The Lighthouse
November 1993 Volume 2 Number 10
© 1993 by Polarized Publications
Page 12

For fans who have awaited Steve Taylor's return, Squint should not disappoint. In a modern rock/alternative vein, ala Chagall Guevara, he continues his lyrical assault on "Smug" Christians and has forged some more emotional, personally revealing, and cautionary tales that have grown much more metaphorical than his early work. He delivered on his promise to try almost anything on the album--it is the most diverse ever seen from Taylor, who naturally wrote and produced the project.

The album begins with "The Lament of Desmond R. G. Underwood-Frederick IV," an aggressive pseudo-industrial tune with edgy guitars that talks about a man that has been to a few too-many self-help groups. Desmond gets word from God that it's his time to go and is upset because he had "just found the lost key to my mythic life." Needless to say, Jesus wasn't the key to his life. "Bannerman" follows as maybe the catchiest song on the project, with some excellent backing guitar work by Jerry McPherson lending to a slightly popishrock feel. "Bannerman" is a tribute to the person that holds the "John 3:16" sign in the end-zone during football games.

"Smug" continues in the alternative rock format with a hard-hitting slam on Christians being proud and smug and accomplishing nothing worthwhile. In a slower, more alternative feel, "Jesus is for Losers" metaphorically tells his version of the story of Chagall with a stark reminder that we could never earn our salvation--Jesus died for all "losers." "The Finish Line" regains a bit of the edge, artfully describing the race of Christian faith as he observed some friends struggling. "The Moshing Floor" is another of the edgy tracks that points at parent's lack of concern and effort in caring for their children.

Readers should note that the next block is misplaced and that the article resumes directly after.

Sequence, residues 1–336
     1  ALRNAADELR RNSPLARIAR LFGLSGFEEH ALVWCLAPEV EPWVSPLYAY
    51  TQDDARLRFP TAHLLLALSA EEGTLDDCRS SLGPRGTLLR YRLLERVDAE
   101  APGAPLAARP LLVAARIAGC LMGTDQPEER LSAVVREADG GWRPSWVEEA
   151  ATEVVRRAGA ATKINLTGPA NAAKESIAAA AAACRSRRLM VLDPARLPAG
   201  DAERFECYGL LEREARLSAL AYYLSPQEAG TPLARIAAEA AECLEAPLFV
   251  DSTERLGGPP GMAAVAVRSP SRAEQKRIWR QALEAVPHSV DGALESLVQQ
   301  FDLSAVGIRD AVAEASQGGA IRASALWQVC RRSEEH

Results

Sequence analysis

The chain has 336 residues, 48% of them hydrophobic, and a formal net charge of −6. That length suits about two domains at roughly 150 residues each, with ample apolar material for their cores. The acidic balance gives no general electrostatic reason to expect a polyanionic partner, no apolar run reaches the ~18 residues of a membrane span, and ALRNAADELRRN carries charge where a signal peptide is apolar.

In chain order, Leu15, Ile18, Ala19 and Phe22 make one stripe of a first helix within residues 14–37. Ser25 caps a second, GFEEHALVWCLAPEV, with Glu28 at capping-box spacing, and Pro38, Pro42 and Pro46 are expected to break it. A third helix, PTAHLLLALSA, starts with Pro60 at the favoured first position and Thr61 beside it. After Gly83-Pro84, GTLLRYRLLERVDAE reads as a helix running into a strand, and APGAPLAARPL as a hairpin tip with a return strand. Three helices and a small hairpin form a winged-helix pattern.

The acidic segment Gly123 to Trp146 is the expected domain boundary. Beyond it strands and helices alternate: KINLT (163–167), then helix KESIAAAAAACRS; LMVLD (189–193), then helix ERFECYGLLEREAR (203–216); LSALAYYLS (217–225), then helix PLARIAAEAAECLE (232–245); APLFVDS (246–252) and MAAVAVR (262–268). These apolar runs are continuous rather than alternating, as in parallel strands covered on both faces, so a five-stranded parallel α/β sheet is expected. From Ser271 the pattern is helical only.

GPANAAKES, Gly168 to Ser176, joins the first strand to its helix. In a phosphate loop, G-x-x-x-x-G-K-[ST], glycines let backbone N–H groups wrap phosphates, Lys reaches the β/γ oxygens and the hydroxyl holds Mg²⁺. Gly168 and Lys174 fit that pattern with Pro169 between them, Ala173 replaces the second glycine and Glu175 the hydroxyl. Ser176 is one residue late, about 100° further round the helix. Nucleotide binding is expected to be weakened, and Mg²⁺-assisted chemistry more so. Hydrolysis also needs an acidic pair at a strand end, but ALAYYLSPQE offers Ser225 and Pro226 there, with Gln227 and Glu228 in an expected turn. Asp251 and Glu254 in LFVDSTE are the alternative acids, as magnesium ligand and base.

Next, the album takes a turn to the strange side. Taylor points another cautionary finger at today's lazy, wishy-washy Church in "Easy Listening" with a bizarre almost reggae sound. He takes a theoretical look at what today's Christians might sound like in 2044, in remembering the times when they "didn't hear none of this 'sacrifice' bull," when "the sermons were affirming," and when they felt "I'm ok, you're ok, we're ok." "Curses" continues the commentary on family disintegration begun in "The Moshing Floor" in a rough alternative setting. Taylor continues the Chagall story in "Sock Heaven," getting almost autobiographical through some awkwardly dry vocals. But, the strangest tune is saved for last, "Cash Cow (a rock opera in three small acts)," beginning as almost a monastery chant. With almost spoken lyrics, it is vaguely reminiscent of a sped-up "Harder to Believe" from I Predict 1990. Despite the strange, yet enjoyable musical setting, the lyrics caution against too much dependence on money.

Squint should appeal to fans of Chagall Guevara and that brand of alternative rock, and to people who like a little "bite" to their lyrics.

Roger Appelinski